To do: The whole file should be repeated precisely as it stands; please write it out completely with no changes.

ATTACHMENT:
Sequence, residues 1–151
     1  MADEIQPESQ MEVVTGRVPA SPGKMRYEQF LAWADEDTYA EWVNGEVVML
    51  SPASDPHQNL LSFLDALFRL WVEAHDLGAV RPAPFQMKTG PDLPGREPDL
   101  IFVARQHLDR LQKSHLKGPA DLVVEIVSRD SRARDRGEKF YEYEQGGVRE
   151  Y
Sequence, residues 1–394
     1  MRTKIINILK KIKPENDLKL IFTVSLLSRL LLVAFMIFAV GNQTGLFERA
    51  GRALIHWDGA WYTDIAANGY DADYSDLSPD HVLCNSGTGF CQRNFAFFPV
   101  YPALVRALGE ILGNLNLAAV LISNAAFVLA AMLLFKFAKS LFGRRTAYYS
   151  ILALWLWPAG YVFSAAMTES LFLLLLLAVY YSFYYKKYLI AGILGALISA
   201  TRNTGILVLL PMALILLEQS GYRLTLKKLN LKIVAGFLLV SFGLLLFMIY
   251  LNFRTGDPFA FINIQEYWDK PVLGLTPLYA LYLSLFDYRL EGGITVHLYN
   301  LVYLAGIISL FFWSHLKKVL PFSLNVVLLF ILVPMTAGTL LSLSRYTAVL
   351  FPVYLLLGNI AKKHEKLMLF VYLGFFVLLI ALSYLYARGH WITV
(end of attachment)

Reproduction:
Sequence, residues 1–151
     1  MADEIQPESQ MEVVTGRVPA SPGKMRYEQF LAWADEDTYA EWVNGEVVML
    51  SPASDPHQNL LSFLDALFRL WVEAHDLGAV RPAPFQMKTG PDLPGREPDL
   101  IFVARQHLDR LQKSHLKGPA DLVVEIVSRD SRARDRGEKF YEYEQGGVRE
   151  Y
Sequence, residues 1–394
     1  MRTKIINILK KIKPENDLKL IFTVSLLSRL LLVAFMIFAV GNQTGLFERA
    51  GRALIHWDGA WYTDIAANGY DADYSDLSPD HVLCNSGTGF CQRNFAFFPV
   101  YPALVRALGE ILGNLNLAAV LISNAAFVLA AMLLFKFAKS LFGRRTAYYS
   151  ILALWLWPAG YVFSAAMTES LFLLLLLAVY YSFYYKKYLI AGILGALISA
   201  TRNTGILVLL PMALILLEQS GYRLTLKKLN LKIVAGFLLV SFGLLLFMIY
   251  LNFRTGDPFA FINIQEYWDK PVLGLTPLYA LYLSLFDYRL EGGITVHLYN
   301  LVYLAGIISL FFWSHLKKVL PFSLNVVLLF ILVPMTAGTL LSLSRYTAVL
   351  FPVYLLLGNI AKKHEKLMLF VYLGFFVLLI ALSYLYARGH WITV